“And yet… I don’t know. I believe I have changed my mind. I’ll make them a fair offer, Hilda. I will not meet him, if it means just meeting him and no more. But if I’m given a free hand I’ll take charge of him again. I will take up my burden once more. But I must have a free hand. With all the time one would have here, I believe I could make something of him. Somewhere quite to ourselves. Wouldn’t that be a good plan? He’s not fit to be on his own. Put me in charge of him. He wants firm handling. I know him better than you do. What’s that? No, give him to me, do you hear? Don’t consult him, just give him to me. I’m his wife, aren’t I? I was only beginning. There’s lots, lots, lots of things I still want to do with him. No, listen, Hilda. Please, please! I’m so miserable. I must have someone to-to do things to. It’s simply frightful down there. No one minds about me at all. I can’t alter them. It’s dreadful to see them all sitting about and not be able to do anything with them. Give him back to me. Why should he have everything his own way? It’s no good for him. It isn’t right, it’s not fair. I want Robert. What right have you to keep him from me? I hate you. How can I pay him out if you won’t let me have him?”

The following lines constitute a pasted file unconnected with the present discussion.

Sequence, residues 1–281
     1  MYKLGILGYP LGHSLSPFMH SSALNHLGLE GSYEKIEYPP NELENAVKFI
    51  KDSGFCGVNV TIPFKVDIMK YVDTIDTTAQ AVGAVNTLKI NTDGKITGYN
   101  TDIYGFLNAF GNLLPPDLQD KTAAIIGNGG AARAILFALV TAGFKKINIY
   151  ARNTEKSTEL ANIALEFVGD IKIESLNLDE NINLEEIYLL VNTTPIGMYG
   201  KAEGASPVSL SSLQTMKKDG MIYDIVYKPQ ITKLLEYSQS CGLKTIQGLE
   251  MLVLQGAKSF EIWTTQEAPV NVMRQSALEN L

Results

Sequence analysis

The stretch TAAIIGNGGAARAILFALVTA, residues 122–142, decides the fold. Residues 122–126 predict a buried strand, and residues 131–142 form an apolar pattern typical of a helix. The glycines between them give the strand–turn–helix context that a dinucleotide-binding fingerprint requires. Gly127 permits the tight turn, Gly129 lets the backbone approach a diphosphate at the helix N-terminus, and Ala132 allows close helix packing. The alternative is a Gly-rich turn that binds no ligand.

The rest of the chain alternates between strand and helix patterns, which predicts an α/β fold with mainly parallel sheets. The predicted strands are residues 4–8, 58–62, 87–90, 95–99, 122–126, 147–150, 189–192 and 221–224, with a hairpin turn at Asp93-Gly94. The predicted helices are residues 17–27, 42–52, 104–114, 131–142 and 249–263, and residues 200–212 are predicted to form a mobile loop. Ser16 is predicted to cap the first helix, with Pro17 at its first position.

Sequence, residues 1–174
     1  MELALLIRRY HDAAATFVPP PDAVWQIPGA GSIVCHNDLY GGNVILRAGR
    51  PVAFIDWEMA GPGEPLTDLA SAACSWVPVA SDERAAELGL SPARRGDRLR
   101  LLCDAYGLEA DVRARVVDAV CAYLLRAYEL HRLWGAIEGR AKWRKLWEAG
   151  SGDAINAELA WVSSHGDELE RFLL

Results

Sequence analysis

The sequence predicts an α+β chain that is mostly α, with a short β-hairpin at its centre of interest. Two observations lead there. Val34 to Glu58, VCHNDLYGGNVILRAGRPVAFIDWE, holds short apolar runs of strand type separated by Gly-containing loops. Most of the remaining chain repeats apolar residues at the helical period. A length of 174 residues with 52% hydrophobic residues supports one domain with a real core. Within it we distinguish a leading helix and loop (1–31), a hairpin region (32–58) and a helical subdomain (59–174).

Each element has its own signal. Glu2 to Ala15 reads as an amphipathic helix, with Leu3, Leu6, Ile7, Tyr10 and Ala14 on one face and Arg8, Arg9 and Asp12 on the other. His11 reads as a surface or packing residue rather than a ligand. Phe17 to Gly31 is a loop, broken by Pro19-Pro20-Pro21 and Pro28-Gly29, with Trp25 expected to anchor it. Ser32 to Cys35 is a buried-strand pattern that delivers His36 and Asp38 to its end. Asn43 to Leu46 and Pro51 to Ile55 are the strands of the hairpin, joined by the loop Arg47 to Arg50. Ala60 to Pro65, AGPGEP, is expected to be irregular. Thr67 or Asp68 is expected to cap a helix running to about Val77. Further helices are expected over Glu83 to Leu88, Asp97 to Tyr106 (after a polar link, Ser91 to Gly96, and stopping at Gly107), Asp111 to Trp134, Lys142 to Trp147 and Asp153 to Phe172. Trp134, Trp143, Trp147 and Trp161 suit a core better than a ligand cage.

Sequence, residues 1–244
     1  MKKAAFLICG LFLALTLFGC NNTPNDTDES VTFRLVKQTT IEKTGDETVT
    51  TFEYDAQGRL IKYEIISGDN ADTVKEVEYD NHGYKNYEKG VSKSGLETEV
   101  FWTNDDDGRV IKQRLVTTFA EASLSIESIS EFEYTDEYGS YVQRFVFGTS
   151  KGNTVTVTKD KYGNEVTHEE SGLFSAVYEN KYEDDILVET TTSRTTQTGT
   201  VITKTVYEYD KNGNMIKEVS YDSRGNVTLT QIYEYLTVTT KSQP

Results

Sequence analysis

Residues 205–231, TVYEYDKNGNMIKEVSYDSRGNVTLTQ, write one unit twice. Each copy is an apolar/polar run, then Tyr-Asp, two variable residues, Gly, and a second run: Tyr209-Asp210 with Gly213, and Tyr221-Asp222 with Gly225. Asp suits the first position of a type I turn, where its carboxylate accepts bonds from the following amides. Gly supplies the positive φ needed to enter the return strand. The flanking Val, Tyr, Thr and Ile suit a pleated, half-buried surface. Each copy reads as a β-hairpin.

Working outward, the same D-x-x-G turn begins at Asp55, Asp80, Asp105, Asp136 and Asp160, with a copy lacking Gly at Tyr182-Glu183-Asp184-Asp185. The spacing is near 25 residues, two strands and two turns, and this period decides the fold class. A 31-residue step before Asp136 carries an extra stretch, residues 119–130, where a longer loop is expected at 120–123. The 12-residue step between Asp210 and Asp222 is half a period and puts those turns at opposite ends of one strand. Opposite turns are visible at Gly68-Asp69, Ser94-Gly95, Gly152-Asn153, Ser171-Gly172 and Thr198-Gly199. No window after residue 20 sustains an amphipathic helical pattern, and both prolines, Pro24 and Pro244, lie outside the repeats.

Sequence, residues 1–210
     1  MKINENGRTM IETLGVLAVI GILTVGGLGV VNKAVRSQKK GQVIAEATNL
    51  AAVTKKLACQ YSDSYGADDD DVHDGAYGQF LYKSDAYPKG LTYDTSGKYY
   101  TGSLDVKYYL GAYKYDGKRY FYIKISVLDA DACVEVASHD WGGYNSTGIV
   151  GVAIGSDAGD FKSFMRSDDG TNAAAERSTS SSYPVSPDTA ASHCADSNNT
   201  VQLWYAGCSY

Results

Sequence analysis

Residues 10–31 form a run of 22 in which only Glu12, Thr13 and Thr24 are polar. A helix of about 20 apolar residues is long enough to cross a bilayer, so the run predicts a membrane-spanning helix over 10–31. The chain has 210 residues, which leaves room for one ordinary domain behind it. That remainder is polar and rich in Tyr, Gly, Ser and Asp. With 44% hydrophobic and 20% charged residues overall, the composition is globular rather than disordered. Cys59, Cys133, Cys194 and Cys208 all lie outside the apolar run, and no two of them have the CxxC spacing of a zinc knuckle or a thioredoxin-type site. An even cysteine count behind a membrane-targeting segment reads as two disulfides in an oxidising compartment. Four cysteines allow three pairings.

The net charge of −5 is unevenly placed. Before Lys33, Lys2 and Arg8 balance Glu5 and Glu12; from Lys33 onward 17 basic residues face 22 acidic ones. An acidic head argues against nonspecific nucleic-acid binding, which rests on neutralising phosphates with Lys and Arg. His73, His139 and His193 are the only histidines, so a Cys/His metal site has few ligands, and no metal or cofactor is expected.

The Ghost which had towered up like a dying candle flame snapped suddenly. A sour, dry smell lingered in the air for a moment and then there was no Ghost to be seen.
Now having quoted Lewis I’m ready to back up my point I made at the beginning about this being a damning mistake for women, and let’s just pretend Lewis didn’t just do a better job than I ever could. (As an aside: it’s ironic to me that in flattering and pandering to women Stanton is actually advocating they play with a consuming fire he himself is immune to, by dent of being a man. It may boost the self-esteem of his readers for a time, but it doesn’t seem very loving to plant something in their mind that will grow bad fruit.)
In making this point I take as foundational and self-evident that all women sin, and that all women are sinners. Even if you don’t believe women inherit a sin nature from their mother, they still have men for fathers from which they get this sin nature, and there’s therefore no escaping the truth that they are sinners. They may sin quietly, they may sin sweetly in the eyes of others, their sin may be less obvious or less socially condemned, their sin may be more tolerable and amicable for forming community, but if left unchecked or uncorrected their sin will merit the punishment of hell. Their nature isn’t pure, and therefore they don’t grow more virtuous by nature or given enough time left alone. This is why God command the older women to teach the younger women “to be sober, to love their husbands, to love their children, to be discreet, chaste, keepers at home, good, obedient to their own husbands, that the word of God be not blasphemed.” (Titus 2:4-5)